A story of flood management: Lake Champlain and the Richelieu River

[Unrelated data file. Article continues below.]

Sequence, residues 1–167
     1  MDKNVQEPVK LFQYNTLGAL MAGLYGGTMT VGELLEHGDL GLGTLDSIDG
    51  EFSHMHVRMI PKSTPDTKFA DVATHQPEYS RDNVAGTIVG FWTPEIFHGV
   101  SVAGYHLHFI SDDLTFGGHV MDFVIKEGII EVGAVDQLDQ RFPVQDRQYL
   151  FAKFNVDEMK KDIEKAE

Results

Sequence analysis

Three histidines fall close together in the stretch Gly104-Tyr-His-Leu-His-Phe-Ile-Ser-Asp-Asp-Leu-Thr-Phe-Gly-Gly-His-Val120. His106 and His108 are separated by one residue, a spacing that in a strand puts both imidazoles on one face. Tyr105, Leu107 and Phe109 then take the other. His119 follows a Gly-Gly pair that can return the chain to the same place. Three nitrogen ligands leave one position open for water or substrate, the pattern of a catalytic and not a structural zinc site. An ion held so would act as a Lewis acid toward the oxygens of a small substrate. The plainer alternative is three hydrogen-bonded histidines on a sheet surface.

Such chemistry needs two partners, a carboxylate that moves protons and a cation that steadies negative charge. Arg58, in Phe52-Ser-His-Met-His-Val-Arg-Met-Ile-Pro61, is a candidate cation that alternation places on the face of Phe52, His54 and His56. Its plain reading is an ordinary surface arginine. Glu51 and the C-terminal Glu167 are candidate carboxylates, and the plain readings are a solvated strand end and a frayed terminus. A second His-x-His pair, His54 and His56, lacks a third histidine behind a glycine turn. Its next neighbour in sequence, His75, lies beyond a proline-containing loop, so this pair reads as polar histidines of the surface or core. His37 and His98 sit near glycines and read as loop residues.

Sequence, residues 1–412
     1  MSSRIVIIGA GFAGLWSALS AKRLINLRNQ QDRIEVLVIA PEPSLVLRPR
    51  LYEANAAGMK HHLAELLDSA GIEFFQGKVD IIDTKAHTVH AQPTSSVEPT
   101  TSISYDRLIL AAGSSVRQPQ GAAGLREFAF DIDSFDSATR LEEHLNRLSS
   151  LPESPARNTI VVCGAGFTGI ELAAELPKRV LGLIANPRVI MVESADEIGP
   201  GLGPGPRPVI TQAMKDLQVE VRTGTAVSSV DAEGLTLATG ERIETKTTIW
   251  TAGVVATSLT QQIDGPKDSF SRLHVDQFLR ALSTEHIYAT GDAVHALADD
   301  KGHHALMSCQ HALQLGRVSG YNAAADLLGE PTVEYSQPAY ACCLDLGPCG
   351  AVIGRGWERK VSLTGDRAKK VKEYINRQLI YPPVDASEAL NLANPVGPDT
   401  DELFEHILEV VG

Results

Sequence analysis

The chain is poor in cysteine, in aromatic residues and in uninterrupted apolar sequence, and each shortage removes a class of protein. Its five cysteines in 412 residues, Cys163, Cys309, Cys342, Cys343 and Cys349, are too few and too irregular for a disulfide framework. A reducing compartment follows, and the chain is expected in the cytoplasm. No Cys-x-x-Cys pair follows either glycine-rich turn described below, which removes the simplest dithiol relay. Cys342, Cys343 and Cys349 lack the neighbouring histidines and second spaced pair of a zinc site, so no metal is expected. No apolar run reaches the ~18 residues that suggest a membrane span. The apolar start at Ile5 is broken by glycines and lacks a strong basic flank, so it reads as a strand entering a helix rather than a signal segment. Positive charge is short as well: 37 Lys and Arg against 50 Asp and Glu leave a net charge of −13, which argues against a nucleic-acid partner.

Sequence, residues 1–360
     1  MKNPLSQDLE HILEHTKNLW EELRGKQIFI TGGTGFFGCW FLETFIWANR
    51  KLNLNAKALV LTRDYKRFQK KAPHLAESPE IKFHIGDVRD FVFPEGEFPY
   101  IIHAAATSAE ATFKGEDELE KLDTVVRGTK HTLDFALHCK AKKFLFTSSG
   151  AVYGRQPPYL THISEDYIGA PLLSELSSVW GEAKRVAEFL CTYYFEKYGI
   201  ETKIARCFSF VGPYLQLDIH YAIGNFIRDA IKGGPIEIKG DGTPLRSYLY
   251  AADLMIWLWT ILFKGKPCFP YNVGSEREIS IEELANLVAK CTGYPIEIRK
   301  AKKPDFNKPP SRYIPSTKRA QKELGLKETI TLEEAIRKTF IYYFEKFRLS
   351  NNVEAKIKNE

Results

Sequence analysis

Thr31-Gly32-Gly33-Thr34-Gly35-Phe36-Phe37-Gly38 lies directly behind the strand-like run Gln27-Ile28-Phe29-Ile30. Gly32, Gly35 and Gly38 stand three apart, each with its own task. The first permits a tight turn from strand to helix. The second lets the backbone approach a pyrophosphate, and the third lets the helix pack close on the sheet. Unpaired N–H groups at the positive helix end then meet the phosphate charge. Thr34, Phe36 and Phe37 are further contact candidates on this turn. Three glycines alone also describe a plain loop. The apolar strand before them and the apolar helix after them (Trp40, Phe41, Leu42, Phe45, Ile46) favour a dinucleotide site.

In 2011 the Lake Champlain and Richelieu River watershed was inundated with historic snowfall and spring flood levels. With it brought the challenges accompanied with binational water management and questions about the impacts of climate change on the basin. These two bodies of water span a large, complex watershed within Quebec, New York and Vermont that displays diverse ecosystem responses to events such as floods, high rainfall and snow melt. The Richelieu River is the only outlet for the lake. Man-made changes and structures to the River effect the rate at which the lake can regulate from high water supplies.  Following the catastrophic floods the International Joint Commission (IJC) began the Lake Champlain- Richelieu River (LCRR) Flood Study. Unique binational waterways such as the Great Lakes Region and the Lake Champlain and Richelieu River basin led to the creation of the IJC in 1909 to study events in the watersheds between the U.S. and Canada and present potential mitigation and management measures. The study seeks to understand social, political and economic drivers for flood mitigation and forecasting so at the conclusion of the study the results presented to the governments will reflect the broadest public exposure and support for potential execution. 

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